The Top-Secret, Female Computers of World War II
When it comes to history, it is unfortunately often only the dominant voice that writes the narrative and dictates what is worth memorializing. That’s why it’s especially exciting when something new is uncovered, a different voice given the chance to tell their version of the story. More than 70 years ago, “when computers were human and women were underestimated, a group of female mathematicians helped win a war and usher in the modern computer age.” Now, their history has finally been told. This is the story of Top-Secret Rosies.
LeAnn Erickson (a 2010–11 AAUW Community Action Grantee) admits, “I discovered this story purely by accident.” While working on a film project about blockbusting in Philadelphia during the 1950s and 60s, Erickson was at the house of twins Doris Blumberg Polsky and Shirley Blumberg Melvin, scanning photos for the documentary, when she overheard the ladies talking.
“Now, was this taken after we moved to Mt Airy?” Polsky asked.
“No, that was taken when we were at UPenn for the Army.”
Curiosity piqued, Erickson asked them what they were talking about. Melvin said, “Oh, during the war we worked as mathematicians for the Army. We were recruited right out of high school.” Promising to come back to get their story when she was done with her current project, Erickson says the sisters “laughed as if they didn’t believe me.” But come back she did, and seven years later, in 2010, she had produced the film Top-Secret Rosies: The Female Computers of WWII.
When the United States entered World War II, the Army initiated a national call for women mathematicians. In fact, AAUW was one of the organizations contacted for help with recruiting! Erickson tells us that AAUW “helped spread the word about this great opportunity open to college women. I was proud to be able to use the letter specifically addressed to AAUW in the documentary.” These “computers” — then the term for someone who computes, rather than our current notion of the machine — would be responsible for calculating ballistics tables for missiles being used by allied forces overseas. The stakes were high, and these women worked hard on their mission at the University of Pennsylvania from 1942 to 1946.
Erickson details the individual stories of four women in particular. Her documentary illuminates a part of history that, until now, lived only in the memories of the women involved. When asked which stories stood out during her research and interviews, Erickson revealed that there was yet another lens through which to look at this story — that of race. “I knew that the World War II era was a very different one for women and people of color, but I was still surprised at various stories the women shared,” she said. One story came from Marlyn Wescoff Meltzer, who worked with Alyce Hall, the only African American in their unit. “Marlyn was organizing a going-away dinner, but Alyce pulled her aside to say she wouldn’t be able to come since the restaurant they had chosen wouldn’t serve her. Shocked at this news, Marlyn said she would find one that would.” The photo on the cover of the film includes Alyce Hall (bottom row on the left) and was taken the night of that dinner.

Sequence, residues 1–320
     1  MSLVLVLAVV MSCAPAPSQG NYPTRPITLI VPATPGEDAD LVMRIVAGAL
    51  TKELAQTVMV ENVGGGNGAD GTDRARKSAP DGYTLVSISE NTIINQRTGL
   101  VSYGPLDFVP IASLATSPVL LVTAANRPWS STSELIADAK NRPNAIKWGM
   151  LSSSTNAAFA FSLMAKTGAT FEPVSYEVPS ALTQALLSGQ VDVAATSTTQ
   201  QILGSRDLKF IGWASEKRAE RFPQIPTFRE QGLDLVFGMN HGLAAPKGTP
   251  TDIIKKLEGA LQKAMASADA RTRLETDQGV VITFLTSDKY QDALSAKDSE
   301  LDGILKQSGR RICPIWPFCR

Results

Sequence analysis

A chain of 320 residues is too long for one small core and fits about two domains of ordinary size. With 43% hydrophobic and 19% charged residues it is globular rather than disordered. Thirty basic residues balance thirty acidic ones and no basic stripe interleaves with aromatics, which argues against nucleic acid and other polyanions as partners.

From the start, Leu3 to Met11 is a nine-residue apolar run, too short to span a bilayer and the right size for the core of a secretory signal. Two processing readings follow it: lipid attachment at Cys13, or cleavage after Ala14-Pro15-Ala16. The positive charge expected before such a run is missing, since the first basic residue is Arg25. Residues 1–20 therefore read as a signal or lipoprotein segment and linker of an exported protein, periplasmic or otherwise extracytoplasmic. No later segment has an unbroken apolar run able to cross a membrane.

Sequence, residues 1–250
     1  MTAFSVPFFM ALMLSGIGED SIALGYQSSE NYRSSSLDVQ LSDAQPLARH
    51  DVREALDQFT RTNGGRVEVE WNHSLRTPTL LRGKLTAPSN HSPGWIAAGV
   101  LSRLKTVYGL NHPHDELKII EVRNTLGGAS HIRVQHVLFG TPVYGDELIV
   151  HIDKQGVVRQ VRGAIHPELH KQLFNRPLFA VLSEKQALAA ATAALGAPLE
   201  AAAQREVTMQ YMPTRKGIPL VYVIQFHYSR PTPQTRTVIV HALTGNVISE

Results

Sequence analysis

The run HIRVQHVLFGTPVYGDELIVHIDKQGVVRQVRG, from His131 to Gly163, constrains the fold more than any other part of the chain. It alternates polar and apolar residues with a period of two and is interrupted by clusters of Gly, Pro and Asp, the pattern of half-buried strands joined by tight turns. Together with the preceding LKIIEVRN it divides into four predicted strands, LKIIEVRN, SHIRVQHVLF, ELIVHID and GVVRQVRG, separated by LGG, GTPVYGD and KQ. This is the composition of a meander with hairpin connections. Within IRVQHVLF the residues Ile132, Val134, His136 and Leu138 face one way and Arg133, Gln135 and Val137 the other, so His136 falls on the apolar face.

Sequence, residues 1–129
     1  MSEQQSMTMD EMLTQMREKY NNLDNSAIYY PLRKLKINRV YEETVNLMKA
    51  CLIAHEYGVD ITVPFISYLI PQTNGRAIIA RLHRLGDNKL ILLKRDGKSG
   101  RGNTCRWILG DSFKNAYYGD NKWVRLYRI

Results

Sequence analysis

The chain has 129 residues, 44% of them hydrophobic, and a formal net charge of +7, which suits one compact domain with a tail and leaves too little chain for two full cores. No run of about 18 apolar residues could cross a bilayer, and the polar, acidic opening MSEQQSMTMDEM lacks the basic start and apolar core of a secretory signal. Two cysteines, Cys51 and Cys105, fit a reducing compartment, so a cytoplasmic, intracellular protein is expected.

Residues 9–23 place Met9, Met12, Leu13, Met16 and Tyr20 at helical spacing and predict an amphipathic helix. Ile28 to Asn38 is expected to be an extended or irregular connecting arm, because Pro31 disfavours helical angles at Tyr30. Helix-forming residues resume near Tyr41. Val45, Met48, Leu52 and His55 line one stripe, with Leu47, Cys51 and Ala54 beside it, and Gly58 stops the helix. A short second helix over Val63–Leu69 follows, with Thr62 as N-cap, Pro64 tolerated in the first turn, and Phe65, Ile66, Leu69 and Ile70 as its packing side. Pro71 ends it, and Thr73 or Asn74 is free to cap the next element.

“Top-Secret Rosies has had extensive reach in educational circles — it is being used in junior high, high school, and college classrooms, and is held in over 500 libraries across the world,” says Erickson. Her goal is to have an impact on girls in fourth through sixth grades. In order to target them, she has adapted the story for use in an iBook app with a catchy title: “The Computer Wore Heels.” Along with the app for digital books, Erickson has also created a study guide that educators can use while showing the documentary in their class.
The content and style of Erickson’s documentary have met with great success. She recalls, “The Community Action Grant made it possible for me to travel across the nation, presenting the film and leading discussions with community members, STEM professionals, teachers, and students. … The travel I’ve done with the film exposed me to people and opportunities I would not have had otherwise.” She was particularly happy to be a panelist at the 2011 U.N. Commission on the Status of Women Conference.
While filmmaking can be difficult to fundraise for, Erickson encourages anyone with a good idea and the will to go with it to “think outside the usual film-funding box,” and to be unafraid of approaching organizations who share your prospective audience. As she notes, “I did this with AAUW and have reaped the benefits of our collaboration.”
Reflecting on the documentary, Erickson says, “Heroic behavior happens all around us all the time. Regular people can — and do — do amazing things every day, things that may not seem important at the time but have a ripple effect.” She tells her film students at Temple University to pay attention to their surroundings and to opportunities that cross their paths, however unremarkable they may seem. After all, Erickson says, if we have learned anything from the Top-Secret Rosies, it’s that “there are stories everywhere, waiting to be told.”
LeAnn Erickson’s 2010–11 Community Action Grant was sponsored by six AAUW Research and Project Grants from Pennsylvania: the Allentown (PA) Branch, the Lancaster (PA) Branch, the Laura Levin/Makefield Area (PA) Branch, the Philadelphia (PA) Branch Centennial, the State College (PA) Branch, and the Valley Forge (PA) Branch Research and Project Grant.